Legendary Urban Legend PR Services: CHAPTER TWO

The luminescent lighting in The Gate was a welcome sight. It glinted off the glass of the screens that shielded customers from the spray of hot oil, and reflected off the chipped black and white tiles that circled the lower wall of the shop.

Not wanting to hold up the queue, Dorian slung off his backpack to reach inside for his wallet.

“’ey, lad.”

It was a greeting that lifted his spirits, and he glanced up to see Chris shaking oil from a portion of chips he lifted from the fryer. His black hair shone under the light while his tanned skin sweated from the heat.

“Usual?” Chris asked in response to Dorian’s smile.

“Would kill for it,” Dorian replied.

“There we have it all,” Chris said, waving his free hand towards the other customers. “If no one sees me again after today, well, you all know who did it.”

Dorian felt his cheeks go red, and knowing that in the brightness of the chippy he would be lit up like stop light, his cheeks decided to pull out the big guns and aim for ripe tomato.

A friendly pat rested on his back, and he turned to see a puff of white hair framing a wrinkled pale face. “I’ll be your accomplish,” a woman said with a wink. “The scallops here are better than anything near me. I get the bus here and eat on the bench by the river.”

“That sounds like a nice spot,” Dorian replied. He knew the place. It was one where he and Daisy used to rest after walking around the park. Back before every day rose with fight and every evening set with him not getting anything right.

“I’ve seen that look before,” the lady continued. “I feed the ducks every evening at six. I’m never late and always welcome company.”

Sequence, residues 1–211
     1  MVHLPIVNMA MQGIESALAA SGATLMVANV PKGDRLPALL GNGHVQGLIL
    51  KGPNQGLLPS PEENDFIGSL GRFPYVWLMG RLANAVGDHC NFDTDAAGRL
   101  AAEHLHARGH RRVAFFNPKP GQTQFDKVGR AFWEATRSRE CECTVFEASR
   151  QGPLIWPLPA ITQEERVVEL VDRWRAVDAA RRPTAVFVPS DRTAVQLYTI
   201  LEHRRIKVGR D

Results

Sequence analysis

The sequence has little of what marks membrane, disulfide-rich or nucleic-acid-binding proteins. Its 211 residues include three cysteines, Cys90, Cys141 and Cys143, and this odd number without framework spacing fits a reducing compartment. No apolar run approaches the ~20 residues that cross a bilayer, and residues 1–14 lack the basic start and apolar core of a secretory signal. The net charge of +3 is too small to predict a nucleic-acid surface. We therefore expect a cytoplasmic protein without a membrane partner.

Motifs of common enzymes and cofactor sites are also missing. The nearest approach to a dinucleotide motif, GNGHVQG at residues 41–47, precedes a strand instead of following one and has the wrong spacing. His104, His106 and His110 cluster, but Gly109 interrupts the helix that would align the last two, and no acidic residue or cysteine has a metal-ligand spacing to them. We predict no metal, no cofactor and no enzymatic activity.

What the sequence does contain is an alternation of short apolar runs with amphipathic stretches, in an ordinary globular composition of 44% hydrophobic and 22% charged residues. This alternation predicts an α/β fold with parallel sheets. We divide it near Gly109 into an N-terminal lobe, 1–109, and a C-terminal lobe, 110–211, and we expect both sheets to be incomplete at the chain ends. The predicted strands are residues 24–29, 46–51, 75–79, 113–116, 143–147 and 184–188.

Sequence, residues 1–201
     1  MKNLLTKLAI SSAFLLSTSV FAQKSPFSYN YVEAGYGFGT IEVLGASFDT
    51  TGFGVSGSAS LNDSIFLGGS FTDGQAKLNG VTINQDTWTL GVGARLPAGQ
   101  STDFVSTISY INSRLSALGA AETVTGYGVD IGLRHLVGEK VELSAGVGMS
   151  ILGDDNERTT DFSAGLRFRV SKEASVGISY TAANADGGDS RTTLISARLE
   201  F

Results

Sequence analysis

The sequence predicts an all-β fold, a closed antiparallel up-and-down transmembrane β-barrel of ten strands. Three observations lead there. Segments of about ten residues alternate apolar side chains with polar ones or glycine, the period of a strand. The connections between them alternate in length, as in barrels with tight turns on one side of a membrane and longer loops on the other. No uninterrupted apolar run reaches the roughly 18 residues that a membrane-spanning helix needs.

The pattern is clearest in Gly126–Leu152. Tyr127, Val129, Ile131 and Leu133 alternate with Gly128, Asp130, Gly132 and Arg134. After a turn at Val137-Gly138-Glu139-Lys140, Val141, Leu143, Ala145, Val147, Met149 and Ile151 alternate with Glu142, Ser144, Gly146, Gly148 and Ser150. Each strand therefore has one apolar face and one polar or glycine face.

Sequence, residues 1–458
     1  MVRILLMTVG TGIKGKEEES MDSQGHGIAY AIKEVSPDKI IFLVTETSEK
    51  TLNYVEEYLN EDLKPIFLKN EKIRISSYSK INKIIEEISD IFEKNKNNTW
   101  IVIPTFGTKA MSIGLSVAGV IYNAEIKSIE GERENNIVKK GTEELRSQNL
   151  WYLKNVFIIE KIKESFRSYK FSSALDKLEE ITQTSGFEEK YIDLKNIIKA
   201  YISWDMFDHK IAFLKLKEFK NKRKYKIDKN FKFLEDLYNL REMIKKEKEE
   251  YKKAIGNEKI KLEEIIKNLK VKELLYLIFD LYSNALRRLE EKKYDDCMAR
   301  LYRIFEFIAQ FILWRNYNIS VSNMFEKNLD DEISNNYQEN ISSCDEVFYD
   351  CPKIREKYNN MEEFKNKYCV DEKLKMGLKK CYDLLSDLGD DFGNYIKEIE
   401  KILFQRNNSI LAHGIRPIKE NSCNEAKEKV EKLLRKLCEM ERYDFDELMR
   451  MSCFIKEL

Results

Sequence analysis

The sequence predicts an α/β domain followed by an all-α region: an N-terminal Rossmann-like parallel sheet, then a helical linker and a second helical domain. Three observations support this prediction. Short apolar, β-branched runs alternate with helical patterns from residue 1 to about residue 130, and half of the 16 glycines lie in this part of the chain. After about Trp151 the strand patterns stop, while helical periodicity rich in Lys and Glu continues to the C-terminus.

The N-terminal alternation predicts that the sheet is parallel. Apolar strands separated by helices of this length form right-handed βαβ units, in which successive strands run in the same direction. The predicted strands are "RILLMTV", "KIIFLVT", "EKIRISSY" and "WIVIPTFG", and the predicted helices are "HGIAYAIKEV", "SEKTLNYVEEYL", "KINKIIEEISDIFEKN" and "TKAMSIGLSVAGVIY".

“That’s because she feeds her company to the ducks,” Chris said. He laughed when a tongue waggled out from the woman’s rose painted lips. “Alright, Eve, I’ll have my customer now thank you very much.”

Dorian approached the till and handed over a five pound note.

“She at it again?” Chris muttered over the clinking of change and the ding of the old machine closing.

“Is she ever not?” Dorian replied before waving a hand in the air. “Forget I said that. She’s just not handling being laid off well. Bored and so…”

“So gets her kicks taking out her anger on you? She did it before being laid off and you know it, you just want to forget it.” Chris placed the bag with the paper wrapped chips inside onto the counter. “Go ahead and forget it, mate, but I haven’t and I won’t.” He tapped his fingers on the side of his head before lifting his hand in the air and shouting, “Next!”

The evening would have been pleasant, one in which a stroll home would have been appreciated. But, there was a slight chill on the air and as good as Chris’s chips were, like all chips, they weren’t much to taste when cold.

In the end it was a brief walk, no more than a couple of turns before he was standing in front of his house.

Daisy had left the curtain open and he could see her inside. She was sitting on the sofa, legs tucked up onto it with a fleece draped over them. One hand was being used to sip the tea he had made while the other was stretched out in front holding the remote.

So much for that bad arm, he thought, a pang of guilt circling the centre of his chest.